Pouder photo July 2013
Leonard Pouder and his wife
Out and About With AOLCPs 

Back to the Basics with Leonard Pouder

By Kathy Litchfield  

NEW ROCHELLE, N.Y. - Respecting Mother Nature and working within her parameters is a choice  Leonard Pouder made over 30 years ago. Growing up on a small scale hobby farm in the then-agricultural suburb of Bedford, N.Y. and working for his father in the nursery business, gave him a secondhand knowledge about the benefits of a farm-based lifestyle.

            "Being exposed to the soil, planting, growing and eating what you grow is very normal for me," said Pouder, owner of Lieb's Nursery & Garden Center. "When I was a teenager, I worked on a farm for three to four years picking vegetables. It was an amazing experience."

When he first moved to New Rochelle after college, Pouder yearned to create a semblance of where he grew up so he started raising pigs, sheep, chickens, meat rabbits and goats - a couple of each a year - to feed his family. He butchers and processes the animals and makes his own sausage. He grows a large organic vegetable garden, loves to hunt, fish and loves the simplicity of this lifestyle. "I would way rather eat what I raise or hunt, than buy it in a supermarket, there's no comparison."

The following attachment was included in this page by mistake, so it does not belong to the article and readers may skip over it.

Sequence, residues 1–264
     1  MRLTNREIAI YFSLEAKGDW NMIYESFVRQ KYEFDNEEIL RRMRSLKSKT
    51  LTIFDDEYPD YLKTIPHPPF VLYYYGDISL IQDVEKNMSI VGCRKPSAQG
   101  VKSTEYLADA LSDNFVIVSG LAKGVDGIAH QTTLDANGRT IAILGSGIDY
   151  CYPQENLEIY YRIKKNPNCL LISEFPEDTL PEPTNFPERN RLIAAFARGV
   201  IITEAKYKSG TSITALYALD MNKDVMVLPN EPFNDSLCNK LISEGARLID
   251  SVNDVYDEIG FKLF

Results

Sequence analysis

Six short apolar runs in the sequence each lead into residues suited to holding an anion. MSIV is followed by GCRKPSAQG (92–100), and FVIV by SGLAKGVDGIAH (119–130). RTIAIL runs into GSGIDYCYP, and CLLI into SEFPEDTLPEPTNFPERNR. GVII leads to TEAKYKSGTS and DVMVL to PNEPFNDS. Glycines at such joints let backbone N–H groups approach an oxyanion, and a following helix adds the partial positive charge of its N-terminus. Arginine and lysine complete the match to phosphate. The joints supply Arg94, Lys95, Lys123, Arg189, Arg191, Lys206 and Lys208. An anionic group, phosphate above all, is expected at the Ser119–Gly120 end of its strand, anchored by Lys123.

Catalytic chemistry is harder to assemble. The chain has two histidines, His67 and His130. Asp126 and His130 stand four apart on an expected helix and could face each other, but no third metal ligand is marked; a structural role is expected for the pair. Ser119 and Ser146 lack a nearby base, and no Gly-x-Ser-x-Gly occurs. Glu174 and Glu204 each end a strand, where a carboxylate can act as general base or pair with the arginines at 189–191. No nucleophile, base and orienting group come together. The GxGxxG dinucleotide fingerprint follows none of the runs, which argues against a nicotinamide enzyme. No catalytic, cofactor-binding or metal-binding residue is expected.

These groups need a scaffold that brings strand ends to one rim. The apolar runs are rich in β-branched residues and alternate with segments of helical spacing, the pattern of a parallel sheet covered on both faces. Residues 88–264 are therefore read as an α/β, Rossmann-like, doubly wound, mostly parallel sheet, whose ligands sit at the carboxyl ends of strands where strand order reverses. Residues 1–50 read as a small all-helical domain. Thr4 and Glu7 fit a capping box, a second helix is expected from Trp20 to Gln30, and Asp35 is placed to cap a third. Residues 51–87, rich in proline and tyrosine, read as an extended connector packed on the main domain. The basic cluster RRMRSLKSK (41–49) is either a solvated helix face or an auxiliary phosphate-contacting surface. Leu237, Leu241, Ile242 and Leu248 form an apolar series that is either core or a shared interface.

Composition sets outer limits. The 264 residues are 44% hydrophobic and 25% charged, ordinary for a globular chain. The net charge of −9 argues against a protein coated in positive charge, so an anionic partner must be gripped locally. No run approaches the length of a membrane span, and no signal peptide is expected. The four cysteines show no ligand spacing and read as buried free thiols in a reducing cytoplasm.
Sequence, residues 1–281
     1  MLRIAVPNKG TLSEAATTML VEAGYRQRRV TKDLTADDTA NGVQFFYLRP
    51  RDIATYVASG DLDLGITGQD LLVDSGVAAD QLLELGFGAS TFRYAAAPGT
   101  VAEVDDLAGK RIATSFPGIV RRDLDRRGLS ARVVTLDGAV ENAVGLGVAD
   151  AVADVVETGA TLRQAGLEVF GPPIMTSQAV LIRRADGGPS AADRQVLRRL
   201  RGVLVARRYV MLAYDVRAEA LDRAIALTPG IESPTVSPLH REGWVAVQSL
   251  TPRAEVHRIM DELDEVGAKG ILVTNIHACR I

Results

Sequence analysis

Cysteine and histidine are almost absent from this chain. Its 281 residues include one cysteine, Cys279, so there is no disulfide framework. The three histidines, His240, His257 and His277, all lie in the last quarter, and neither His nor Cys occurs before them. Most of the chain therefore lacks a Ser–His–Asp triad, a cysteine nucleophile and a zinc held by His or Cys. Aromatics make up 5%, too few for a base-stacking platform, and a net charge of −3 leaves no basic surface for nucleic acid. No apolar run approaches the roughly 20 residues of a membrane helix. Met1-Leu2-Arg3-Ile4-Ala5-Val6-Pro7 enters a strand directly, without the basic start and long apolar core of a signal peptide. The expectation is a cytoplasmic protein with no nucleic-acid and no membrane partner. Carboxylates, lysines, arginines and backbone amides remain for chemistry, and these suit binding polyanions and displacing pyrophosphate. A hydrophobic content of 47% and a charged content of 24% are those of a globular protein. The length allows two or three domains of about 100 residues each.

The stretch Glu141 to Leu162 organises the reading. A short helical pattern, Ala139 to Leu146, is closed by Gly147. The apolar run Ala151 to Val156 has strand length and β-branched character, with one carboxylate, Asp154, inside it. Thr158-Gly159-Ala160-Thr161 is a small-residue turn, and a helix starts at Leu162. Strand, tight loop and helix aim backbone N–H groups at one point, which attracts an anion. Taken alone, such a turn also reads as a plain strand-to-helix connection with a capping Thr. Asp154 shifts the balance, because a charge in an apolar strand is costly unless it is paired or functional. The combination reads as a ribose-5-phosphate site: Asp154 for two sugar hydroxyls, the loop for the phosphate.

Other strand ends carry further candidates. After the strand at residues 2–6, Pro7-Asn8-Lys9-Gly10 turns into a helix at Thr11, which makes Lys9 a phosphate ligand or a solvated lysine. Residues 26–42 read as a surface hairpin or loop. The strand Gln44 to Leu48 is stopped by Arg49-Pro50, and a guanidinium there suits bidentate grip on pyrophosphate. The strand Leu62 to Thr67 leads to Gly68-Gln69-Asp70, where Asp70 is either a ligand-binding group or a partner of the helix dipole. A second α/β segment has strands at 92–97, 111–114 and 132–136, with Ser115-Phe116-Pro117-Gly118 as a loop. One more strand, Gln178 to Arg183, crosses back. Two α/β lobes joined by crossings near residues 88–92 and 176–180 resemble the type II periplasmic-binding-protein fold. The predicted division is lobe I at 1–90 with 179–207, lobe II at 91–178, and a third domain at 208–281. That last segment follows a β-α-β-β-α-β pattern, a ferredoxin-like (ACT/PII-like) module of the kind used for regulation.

"I've always been organic because it just makes sense and it's so easy," said the father of two grown children whose wife is a professional chef.


Read More.... 


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Upcoming Events

NOFA Organic Lawn Care Certificate Course
July 26, 2013, 9:00am - 5:00pm
Naugatuck Valley Community College
Waterbury, CT  

Do you want your clients to value you as an industry expert? The February 2013 issue of Lawn & Landscape Magazine reports that 42% of homeowners think they can do a better job than their landscaper! Do you want to be viewed as a trusted contractor who recommends products that work because you know it works? That same issue of L&L Magazine reports that 58% of homeowners don't trust their landscapers. According to the U.S. Department of Labor, employment in this industry is expected to grow 18 percent between 2008 and 2018 (View the full report). Don't get lost in the crowd! Become an expert who your clients can trust. Come learn trade secrets from trusted industry leaders, so deeply committed to the organic land care movement that they want to share it with you to grow your business. Learn more and register here.


NOFA Summer Conference - 45 Workshops to Earn AOLCP Credits 
August 9-11, 2013
Umass Amherst
Amherst, MA

OLC track workshops announced for NOFA Summer Conference!